20 Habitable Worlds ‘Hiding In Plain Sight’

NASA spots 20 habitable worlds hiding in plain sight!

NASA spots 20 habitable worlds hiding in plain sight!

Scientists have found a full 20 new planets that could support life, suggesting there are more habitable worlds out there than we’d thought. The study suggests there’s far more planets that could support life than we previously thought.

The new findings come from Nasa’s Kepler mission to discover alien worlds like our own, able to support alien or potentially ourselves in the future. And they are some of the most optimistic findings yet, suggesting new breakthroughs in our attempt to find “Earth 2.0”.

The 20 new planets could be our best chance yet of finding alien worlds able to support life, according to scientists who have reviewed the major new research.

Some of the new worlds are remarkably similar to our own, avoiding the common differences that make it less likely they could really support life. Many have years that are notably similar to ours and so avoid the problems of the “short” years that often cause problems for other planets, and seem to have temperatures very similar to our very life-encouraging climate.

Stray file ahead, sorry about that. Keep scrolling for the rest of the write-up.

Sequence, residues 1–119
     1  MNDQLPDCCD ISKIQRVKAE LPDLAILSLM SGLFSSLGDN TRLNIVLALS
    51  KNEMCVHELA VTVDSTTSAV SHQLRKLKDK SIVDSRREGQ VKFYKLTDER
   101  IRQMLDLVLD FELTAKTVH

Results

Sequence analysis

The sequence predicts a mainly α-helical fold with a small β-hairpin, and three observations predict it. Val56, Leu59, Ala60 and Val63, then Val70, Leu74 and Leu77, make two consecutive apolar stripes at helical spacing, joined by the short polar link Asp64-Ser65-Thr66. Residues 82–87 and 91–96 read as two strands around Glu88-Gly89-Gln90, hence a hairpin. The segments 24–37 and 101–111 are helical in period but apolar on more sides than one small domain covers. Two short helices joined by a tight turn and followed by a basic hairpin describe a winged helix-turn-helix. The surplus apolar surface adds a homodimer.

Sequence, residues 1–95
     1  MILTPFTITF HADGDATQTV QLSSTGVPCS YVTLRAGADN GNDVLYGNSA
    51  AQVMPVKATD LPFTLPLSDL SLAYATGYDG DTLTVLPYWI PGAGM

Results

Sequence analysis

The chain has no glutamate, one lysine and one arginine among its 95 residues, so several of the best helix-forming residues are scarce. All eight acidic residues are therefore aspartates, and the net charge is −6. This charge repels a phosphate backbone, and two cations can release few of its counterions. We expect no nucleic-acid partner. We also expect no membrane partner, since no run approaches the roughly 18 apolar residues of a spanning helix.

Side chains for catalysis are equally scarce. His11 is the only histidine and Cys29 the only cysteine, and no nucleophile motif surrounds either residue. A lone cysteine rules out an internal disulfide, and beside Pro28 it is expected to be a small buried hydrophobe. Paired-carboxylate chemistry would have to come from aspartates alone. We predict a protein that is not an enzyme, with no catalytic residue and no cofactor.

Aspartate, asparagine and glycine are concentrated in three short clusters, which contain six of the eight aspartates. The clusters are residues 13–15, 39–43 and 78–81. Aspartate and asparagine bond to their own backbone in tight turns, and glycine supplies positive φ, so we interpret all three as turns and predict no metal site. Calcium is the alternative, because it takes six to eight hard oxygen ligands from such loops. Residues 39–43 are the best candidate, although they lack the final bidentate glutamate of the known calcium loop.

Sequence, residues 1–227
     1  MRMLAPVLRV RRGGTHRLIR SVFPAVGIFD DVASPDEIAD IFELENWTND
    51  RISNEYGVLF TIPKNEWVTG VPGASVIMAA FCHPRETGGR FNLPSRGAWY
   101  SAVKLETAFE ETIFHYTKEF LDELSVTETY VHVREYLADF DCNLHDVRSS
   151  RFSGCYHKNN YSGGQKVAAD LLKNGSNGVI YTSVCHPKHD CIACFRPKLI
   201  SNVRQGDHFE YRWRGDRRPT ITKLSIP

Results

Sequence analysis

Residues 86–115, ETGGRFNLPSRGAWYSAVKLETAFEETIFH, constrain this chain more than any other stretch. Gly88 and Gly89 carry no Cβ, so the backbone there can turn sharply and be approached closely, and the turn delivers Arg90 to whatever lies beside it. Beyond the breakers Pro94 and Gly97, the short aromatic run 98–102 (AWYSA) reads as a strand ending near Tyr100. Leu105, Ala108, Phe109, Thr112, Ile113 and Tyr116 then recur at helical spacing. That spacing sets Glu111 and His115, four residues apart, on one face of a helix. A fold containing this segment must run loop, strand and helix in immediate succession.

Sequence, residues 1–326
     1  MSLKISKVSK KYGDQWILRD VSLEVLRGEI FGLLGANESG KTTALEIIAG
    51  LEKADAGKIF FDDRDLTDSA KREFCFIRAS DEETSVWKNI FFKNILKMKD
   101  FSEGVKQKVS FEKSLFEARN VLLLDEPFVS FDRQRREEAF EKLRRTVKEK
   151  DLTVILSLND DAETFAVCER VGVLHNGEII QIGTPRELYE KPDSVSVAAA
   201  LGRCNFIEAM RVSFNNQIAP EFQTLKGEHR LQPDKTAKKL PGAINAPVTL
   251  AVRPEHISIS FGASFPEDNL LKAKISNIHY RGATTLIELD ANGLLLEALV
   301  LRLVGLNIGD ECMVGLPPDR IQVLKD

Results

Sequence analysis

The most encouraging of those planets has been called KOI-7923.0, and might be the best chance yet for finding another Earth. Its year lasts 395 days, and it is 97 per cent the size of Earth, but a little colder.

It’s colder because it’s further from the sun, and that sun is a little less warm. But it’s not a vast difference – it probably just means that the warmer parts of that planet are more akin to the colder parts of ours.

“If you had to choose one to send a spacecraft to, it’s not a bad option,” Jeff Coughlin, a team leader on the Kepler project and one of the scientists who found the new planets, told the New Scientist, which first reported the news.

The scientists relay their new findings in an online paper that gives more detail than ever before on the likelihood of the planets being like our own.

The planets found as part of that study have a 70-80 per cent of being solid candidates for habitable worlds, according to the scientists. But they need to do further work to confirm that – work that has become difficult because the Kepler spacecraft, used to collect data on these exoplanets, suffered technical problems that have made it less easy to see through.

Source: The Independent

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